U.S. DEPARTMENT OF STATE
1994 COUNTRY REPORTS ON ECONOMIC POLICY AND TRADE PRACTICES
BUREAU OF ECONOMIC AND BUSINESS AFFAIRS
RELEASED MARCH 1995 


                  CONTENTS

FORWARD
LETTER OF TRANSMITTAL
INTRODUCTION
TEXT OF SECTION 2202 OF THE OMNIBUS TRADE AND COMPETITIVENESS ACT OF 1988
NOTES ON PREPARATION OF THE REPORTS
SOME FREQUENTLY USED ACRONYMS


                         COUNTRY REPORTS*

AFRICA:

Angola
Gabon
Ghana
Kenya
Nigeria
South Africa

EAST ASIA AND THE PACIFIC:

Australia
China
Hong Kong*
Indonesia
Japan
Korea, Republic of
Malaysia
New Zealand
Philippines
Singapore
Taiwan*
Thailand

EUROPE AND NORTH AMERICA:

The European Union
Armenia
Austria
Azerbaijan
Belarus
Belgium
Bosnia and Hercegovina
Bulgaria
Canada
Croatia
Czech Republic
Denmark
Estonia
Finland
France
Georgia
Germany
Greece
Hungary
Ireland
Italy
Kazakhstan
The Kyrgyz Republic
Latvia
Lithuania
Macedonia /1
Moldova
The Netherlands
Norway
Poland
Portugal
Romania
Russia
Serbia and Montenegro /2
Slovak Republic
Slovenia
Spain
Sweden
Switzerland
Tajikistan
Turkey
Turkmenistan
Ukraine
United Kingdom
Uzbekistan

LATIN AMERICA:

Argentina
Bahamas
Barbados
Bolivia
Brazil
Chile
Colombia
Costa Rica
Dominican Republic
Ecuador
El Salvador
Guatemala
Honduras
Jamaica
Mexico
Nicaragua
Panama
Paraguay
Peru
Trinidad and Tobago
Uruguay
Venezuela

NEAR EAST AND NORTH AFRICA:

Algeria
Bahrain
Egypt
Iran
Iraq
Israel
Jordan
Kuwait
Morocco
Oman
Saudi Arabia
Syria
Tunisia
United Arab Emirates

SOUTH ASIA:

Bangladesh
India
Pakistan


U.S. DEPARTMENT OF STATE
1994 COUNTRY REPORTS ON ECONOMIC POLICY AND TRADE PRACTICES
BUREAU OF ECONOMIC AND BUSINESS AFFAIRS



                           COUNTRY REPORTS ON ECONOMIC POLICY
                                 AND TRADE PRACTICES

                                 REPORT SUBMITTED TO THE
                               COMMITTEE ON INTERNATIONAL RELATIONS
                               COMMITTEE ON WAYS AND MEANS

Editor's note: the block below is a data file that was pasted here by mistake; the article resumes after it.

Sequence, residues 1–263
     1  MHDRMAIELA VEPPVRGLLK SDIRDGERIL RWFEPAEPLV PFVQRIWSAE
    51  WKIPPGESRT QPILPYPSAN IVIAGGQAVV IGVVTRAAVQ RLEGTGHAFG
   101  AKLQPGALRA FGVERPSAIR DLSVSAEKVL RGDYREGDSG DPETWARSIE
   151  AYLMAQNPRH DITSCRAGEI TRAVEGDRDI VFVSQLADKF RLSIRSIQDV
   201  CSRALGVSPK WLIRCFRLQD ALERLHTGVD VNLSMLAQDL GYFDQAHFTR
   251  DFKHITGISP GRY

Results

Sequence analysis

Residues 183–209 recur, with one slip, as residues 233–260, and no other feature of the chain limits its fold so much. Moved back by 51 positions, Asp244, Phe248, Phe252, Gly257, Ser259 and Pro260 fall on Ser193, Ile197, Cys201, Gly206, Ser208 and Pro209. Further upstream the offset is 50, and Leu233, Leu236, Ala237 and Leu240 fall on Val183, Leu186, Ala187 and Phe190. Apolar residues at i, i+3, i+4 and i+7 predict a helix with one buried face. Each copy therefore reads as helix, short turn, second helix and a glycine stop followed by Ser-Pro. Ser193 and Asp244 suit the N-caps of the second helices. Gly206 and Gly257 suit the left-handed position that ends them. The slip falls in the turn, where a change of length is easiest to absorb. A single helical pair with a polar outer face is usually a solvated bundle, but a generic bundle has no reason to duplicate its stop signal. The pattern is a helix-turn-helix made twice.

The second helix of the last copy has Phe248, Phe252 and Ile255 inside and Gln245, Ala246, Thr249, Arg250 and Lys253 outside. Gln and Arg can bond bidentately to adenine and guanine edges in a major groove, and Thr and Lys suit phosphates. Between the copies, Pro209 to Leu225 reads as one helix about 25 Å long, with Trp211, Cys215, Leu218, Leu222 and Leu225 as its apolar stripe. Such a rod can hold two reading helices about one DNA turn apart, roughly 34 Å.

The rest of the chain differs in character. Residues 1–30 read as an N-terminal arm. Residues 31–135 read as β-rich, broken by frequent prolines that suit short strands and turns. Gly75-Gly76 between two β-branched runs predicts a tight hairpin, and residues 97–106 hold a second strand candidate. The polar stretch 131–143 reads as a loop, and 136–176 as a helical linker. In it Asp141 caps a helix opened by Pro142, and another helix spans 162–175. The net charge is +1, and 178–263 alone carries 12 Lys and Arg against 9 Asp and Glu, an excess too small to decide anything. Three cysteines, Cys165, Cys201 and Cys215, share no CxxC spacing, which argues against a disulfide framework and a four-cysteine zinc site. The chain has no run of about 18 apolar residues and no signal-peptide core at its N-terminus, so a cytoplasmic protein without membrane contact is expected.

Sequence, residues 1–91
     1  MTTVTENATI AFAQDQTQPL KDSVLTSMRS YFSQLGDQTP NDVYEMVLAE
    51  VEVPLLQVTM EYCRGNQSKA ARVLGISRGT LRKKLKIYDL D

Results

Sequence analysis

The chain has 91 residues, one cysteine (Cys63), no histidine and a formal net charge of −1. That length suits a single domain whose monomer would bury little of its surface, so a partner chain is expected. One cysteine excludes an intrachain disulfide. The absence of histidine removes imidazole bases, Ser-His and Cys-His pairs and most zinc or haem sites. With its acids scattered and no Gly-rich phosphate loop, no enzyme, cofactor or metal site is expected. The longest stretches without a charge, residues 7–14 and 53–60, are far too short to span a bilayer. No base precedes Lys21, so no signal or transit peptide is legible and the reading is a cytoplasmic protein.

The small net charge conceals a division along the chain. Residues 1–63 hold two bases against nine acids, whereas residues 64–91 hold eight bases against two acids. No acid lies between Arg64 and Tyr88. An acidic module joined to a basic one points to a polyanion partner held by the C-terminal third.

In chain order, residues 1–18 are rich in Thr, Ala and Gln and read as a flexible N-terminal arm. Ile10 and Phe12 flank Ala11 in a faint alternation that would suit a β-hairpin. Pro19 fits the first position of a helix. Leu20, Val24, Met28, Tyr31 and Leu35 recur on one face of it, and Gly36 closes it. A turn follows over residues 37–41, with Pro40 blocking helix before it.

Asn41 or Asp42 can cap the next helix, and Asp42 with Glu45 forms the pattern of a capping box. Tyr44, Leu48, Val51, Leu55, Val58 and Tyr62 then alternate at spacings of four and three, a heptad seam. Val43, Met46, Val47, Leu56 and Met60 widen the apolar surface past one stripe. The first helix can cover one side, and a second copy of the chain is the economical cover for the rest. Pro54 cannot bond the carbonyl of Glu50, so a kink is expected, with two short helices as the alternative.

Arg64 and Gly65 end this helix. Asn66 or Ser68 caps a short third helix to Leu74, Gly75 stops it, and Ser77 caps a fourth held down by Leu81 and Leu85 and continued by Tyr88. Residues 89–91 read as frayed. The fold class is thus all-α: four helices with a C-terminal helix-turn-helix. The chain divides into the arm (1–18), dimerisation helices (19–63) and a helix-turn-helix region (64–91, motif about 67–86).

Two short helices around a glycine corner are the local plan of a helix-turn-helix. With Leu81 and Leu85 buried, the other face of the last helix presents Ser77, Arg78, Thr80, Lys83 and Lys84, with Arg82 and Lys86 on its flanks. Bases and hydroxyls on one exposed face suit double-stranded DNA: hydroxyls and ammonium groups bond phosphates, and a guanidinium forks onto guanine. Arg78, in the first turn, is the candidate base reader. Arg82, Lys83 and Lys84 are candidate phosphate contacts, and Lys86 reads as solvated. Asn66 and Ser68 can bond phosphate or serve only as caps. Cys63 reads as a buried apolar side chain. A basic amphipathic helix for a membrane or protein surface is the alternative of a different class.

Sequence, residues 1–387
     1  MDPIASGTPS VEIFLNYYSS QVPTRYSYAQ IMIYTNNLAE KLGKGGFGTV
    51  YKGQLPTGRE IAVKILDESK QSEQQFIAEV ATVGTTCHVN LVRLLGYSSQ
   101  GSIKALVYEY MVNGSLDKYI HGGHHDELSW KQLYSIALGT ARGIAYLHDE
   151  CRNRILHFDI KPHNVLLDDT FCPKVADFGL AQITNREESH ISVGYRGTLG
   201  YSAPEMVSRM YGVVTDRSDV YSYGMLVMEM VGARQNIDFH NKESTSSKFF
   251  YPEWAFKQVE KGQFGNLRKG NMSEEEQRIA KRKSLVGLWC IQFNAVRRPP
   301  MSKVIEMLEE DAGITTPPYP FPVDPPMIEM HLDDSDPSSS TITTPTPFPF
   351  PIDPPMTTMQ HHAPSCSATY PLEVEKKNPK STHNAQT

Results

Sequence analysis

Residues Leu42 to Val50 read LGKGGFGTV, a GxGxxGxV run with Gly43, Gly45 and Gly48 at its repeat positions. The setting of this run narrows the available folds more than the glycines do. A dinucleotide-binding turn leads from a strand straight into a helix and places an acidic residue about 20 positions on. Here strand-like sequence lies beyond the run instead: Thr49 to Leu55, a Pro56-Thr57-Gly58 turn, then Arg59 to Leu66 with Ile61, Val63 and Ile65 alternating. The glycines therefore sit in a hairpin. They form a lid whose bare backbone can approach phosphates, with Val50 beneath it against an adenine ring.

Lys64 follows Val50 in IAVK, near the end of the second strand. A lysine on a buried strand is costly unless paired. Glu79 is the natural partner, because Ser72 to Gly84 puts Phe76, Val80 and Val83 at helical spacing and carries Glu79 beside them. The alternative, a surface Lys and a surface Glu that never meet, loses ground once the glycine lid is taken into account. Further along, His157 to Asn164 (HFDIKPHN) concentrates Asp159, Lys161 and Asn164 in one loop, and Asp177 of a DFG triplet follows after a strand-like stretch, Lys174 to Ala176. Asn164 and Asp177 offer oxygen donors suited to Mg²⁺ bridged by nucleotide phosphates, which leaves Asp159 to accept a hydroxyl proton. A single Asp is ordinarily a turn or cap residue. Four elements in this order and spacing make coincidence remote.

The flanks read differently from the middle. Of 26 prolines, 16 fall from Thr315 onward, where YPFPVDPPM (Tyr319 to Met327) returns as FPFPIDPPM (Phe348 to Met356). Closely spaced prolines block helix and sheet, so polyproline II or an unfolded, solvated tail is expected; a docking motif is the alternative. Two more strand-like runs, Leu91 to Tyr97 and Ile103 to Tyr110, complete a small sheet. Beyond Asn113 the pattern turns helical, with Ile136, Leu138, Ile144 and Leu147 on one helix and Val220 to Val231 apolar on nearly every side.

OF THE
                               U.S. HOUSE OF REPRESENTATIVES
                                          AND THE
                          COMMITTEE ON FOREIGN RELATIONS,
                                   COMMITTEE ON FINANCE
                                         OF THE
                                       U.S. SENATE
                                         BY THE 
                                    DEPARTMENT OF STATE

IN ACCORDANCE WITH SECTION 2202 OF THE OMNIBUS TRADE AND COMPETITIVENESS ACT OF 1988

                                   RELEASED MARCH 1995

Printed for the use of the Committee on Foreign Affairs and Ways and Means of the House of Representatives, and Foreign Relations and Finance of the U.S. Senate.




                             FOREWORD


    The reports on individual country economic policy and trade
practices contained herein were prepared by the Department of
State in accordance with section 2202 of the Omnibus Trade and
Competitiveness Act of 1988 (P.L. 100-418).

    Modeled on the State Department's annual reports on country
human rights practices, the reports are intended to provide a
single, comprehensive and comparative analysis of the economic
policies and trade practices of each country with which the
United States has an economic or trade relationship.  Because
of the increasing importance of, and interest in, trade and
economic issues, these reports are prepared to assist members
in considering legislation in the areas of trade and economic
policy.



                         JESSE HELMS,
              Chairman, Committee on Foreign Relations.

                         BOB PACKWOOD,